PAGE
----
Tuesday, January 10, 2006


Shrinking Human Services Budget

You could call it “economic cleansing” — trying to liquidate poor people by simply not funding services for them. Then, just sit back and let them either go away or die off.

The Republicans hated—and still hate—FDR for the New Deal. The idea of providing anything for the poor causes nausea in the collective stomach of the GOP. We’ve watched the funding drop and drop, never big enough short-falls to cause outrage, but rather a sort of desensitization process has gone on. A little less this year, a little less the next year.... Yeah, I like to hammer the Republicans on this, but Clinton, an ostensible Democrat, chopped a way at the remains of the New Deal as well.

State agency faces $172 million budget gap
12/28/2005, 12:10 a.m. PT
The Associated Press

SALEM, Ore. (AP) — The director of the Oregon Department of Human Services says the agency faces a $172 million shortfall in its current 2005-2007 budget.

In a letter to Gov. Ted Kulongoski, agency director Bruce Goldberg wrote that the department "faces serious financial challenges."

Goldberg warned earlier this month that the budget set by the Legislature was not keeping pace with increasing Medicaid caseloads and a reduction in federal matching dollars. In his letter to Kulongoski, Goldberg said Medicaid caseload changes account for almost $120 million of the shortfall.

The Department of Human Services offers help to 1 million Oregon residents through its welfare and health programs. Its budget for the next two years is $9.8 billion, with state taxes accounting for roughly $2.5 billion.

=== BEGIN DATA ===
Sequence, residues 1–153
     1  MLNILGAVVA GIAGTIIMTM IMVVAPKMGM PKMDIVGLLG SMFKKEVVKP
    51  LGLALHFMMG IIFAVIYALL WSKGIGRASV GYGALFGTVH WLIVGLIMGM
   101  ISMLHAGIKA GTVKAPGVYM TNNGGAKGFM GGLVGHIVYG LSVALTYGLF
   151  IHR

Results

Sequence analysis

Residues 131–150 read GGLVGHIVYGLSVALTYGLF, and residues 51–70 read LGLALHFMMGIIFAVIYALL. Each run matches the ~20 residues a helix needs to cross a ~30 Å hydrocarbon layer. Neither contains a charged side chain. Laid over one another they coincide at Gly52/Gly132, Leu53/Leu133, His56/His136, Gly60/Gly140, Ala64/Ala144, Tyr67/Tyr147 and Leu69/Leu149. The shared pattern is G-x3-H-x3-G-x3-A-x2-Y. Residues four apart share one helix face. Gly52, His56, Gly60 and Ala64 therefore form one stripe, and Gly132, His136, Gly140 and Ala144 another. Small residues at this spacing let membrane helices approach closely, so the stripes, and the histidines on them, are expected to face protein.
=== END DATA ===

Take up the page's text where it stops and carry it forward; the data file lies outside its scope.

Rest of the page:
The $172 million gap could force cuts in health care and other services for the poor. It might also force lawmakers into a special session.

"You could fix this by making cuts somewhere but I think it's a fool's errand," said Alan Bates, D-Ashland, one of several lawmakers who said Tuesday that they favored a special session.

"The patients just show up in another program or in an emergency room to be taken care of."

But House Speaker Karen Minnis, R-Wood Village, said it's too early to for talk of special session.

"I'm not convinced that we know the whole scope of the problems with this particular agency," she said.

The shortfall is more than three times as large as the $55 million gap in the 2003-2005 budget, which resulted from accounting errors.

Goldberg, who has only headed the agency since November, said earlier this month that factors outside the agency's control are behind the latest deficit, such as increased demand for services through the Oregon Health Plan, which provides health care for lower-income people.

Though more jobs are being created in Oregon, Goldberg noted that many of them don't come with medical benefits. Moreover, many existing employers are scaling back on benefits because of rising costs.


Information from: The Oregonian, http://www.oregonlive.com

Copyright 2005 Associated Press. All rights reserved.
This material may not be published, broadcast, rewritten, or redistributed.

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